A common document for which I have not see a standard form is the water easement. The laws of the various states different in the treatment of these easements but nonetheless there are some common technical issues that the drafter should consider. The term “water easement” commonly means one of two things. First, it might transfer the right to draw water from a site. The phrase is also used to describe the right to convey water by pipe or trough across or beneath the land of another. A water easement of either sort should also contain an access easement and auxiliary rights related to the maintenance, repair, replacement and possibly construction of improvements.
The easement may either be given to the owner of land so that the easement rights pass automatically with the transfer of title to the land or given to a person or entity. The first type of easement is called an appurtenant easement, even though in Washington the two parcels are not necessarily required to have a common boundary. The second mentioned type of easement is somewhat awkwardly called an easement in gross. (American law is derived from English law but easements in gross are not recognized in England. This concept is derived from Roman law.) It should be clear which of these alternatives is intended and if the easement is intended to benefit a person or entity, then the drafter has to be concerned that the easement is valid under state law.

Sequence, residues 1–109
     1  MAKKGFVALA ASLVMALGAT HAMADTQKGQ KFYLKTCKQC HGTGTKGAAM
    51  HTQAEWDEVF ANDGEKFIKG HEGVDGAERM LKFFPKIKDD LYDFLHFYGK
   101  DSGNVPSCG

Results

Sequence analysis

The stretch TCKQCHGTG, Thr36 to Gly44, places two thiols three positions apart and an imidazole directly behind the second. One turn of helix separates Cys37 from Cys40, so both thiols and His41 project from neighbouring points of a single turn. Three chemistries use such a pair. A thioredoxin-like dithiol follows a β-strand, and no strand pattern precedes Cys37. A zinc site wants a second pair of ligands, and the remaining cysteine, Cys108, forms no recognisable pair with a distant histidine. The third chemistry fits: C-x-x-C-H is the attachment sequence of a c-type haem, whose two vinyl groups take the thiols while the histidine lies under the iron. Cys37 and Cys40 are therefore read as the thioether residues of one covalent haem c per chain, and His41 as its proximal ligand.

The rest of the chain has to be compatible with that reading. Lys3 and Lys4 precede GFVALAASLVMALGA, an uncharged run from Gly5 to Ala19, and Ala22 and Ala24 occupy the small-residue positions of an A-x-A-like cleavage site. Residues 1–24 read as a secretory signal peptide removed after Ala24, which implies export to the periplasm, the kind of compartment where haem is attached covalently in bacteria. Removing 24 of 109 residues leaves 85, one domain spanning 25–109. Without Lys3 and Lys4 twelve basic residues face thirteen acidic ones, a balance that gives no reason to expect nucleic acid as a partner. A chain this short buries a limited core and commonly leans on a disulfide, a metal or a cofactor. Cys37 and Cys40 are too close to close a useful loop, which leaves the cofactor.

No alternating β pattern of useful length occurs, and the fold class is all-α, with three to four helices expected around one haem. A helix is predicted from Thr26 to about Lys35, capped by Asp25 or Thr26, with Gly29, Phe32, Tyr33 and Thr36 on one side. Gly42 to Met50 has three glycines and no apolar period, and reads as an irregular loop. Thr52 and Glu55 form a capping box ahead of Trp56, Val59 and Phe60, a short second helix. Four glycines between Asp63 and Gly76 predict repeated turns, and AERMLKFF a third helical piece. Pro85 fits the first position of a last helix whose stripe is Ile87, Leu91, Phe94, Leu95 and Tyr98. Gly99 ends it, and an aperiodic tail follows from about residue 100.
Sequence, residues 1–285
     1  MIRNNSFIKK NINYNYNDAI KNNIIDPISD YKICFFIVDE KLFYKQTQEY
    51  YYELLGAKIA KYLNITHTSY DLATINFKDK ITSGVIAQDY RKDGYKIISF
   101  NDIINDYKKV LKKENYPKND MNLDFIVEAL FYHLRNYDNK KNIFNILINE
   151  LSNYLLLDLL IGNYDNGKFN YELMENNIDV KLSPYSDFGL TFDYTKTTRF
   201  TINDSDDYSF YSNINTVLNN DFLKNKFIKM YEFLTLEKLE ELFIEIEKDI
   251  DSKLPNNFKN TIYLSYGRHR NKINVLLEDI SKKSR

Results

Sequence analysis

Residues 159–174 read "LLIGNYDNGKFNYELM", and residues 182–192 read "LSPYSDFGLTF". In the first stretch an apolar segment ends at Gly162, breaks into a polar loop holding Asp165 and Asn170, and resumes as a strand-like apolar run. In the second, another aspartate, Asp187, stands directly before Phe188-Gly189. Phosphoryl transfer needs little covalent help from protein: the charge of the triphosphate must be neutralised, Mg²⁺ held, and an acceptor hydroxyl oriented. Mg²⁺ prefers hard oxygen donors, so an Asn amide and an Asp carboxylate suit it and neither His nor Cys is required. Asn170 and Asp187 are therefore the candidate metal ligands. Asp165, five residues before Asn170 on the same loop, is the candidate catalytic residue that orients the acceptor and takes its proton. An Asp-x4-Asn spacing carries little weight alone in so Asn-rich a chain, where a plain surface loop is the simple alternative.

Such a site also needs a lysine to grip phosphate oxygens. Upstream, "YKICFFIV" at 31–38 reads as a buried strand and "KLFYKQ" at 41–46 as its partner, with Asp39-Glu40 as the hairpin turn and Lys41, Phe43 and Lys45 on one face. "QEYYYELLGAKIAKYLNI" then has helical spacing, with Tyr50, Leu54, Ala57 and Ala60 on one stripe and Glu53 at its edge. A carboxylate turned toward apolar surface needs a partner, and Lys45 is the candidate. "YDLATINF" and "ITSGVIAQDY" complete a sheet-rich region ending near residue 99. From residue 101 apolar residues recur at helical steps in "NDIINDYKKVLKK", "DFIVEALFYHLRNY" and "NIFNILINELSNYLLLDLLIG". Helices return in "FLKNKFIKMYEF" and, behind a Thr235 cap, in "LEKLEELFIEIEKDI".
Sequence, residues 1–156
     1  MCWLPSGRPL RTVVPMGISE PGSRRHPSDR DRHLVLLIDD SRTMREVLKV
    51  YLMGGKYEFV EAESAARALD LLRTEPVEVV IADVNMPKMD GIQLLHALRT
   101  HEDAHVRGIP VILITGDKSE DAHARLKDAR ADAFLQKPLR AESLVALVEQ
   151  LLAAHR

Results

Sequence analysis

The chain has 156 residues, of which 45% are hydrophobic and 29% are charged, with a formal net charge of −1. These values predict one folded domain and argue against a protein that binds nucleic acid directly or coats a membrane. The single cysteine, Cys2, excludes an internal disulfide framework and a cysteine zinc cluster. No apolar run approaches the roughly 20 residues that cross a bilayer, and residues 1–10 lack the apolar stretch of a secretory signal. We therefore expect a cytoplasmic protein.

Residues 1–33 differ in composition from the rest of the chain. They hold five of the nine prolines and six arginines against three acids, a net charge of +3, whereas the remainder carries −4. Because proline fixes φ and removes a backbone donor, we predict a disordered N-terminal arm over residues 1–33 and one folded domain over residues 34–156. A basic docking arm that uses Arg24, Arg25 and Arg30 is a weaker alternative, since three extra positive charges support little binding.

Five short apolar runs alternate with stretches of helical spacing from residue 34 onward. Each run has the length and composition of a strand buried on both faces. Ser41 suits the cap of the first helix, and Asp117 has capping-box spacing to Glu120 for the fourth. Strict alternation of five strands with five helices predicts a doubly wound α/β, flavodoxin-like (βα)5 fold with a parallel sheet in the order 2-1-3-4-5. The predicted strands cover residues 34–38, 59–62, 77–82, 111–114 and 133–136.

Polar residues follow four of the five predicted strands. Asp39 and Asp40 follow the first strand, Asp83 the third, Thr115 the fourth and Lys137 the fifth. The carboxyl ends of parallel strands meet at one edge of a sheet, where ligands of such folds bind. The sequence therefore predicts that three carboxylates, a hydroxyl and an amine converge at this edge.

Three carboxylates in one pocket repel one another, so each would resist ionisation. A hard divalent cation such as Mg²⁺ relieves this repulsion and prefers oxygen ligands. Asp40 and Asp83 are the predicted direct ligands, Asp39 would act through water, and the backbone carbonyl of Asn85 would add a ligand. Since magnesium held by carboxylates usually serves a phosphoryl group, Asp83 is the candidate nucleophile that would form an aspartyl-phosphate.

If the intention is merely to give a person permission to draw water or convey it across land, then consideration should be given to calling the right a license, rather than an easement. Licenses are less formal and less likely to impact title. They are also usually revocable. An irrevocable license requires consideration and is best treated with the formality of a commercial easement in gross.
In any case the instrument should always contain all intended conditions on the use. For example, there might a set duration, a limit on amount of water, limitations on access, size of pipe, licensing, type of use, who may use the easement, a condition related to the land owner’s use of the property. From the land owner’s perspective rather than having a long list of conditions, it might be best to use a nonassignable, revocable license.
Easements should contain the legal description of the land that is subject to the easement and should in most cases be recorded. Easements appurtenant should also describe the benefitted land. It is prudent to specify the amount of water that is authorized to be taken from the source, permitted use and sometimes the depth of a well. Remember that in Washington the land owner will be required to sign a covenant that prohibits use within one hundred feet of a well used for drinking water.
If the easement is given for future development it is best to make it immediately effective, not effective whenever the development occurs to avoid creating a voidable future interest.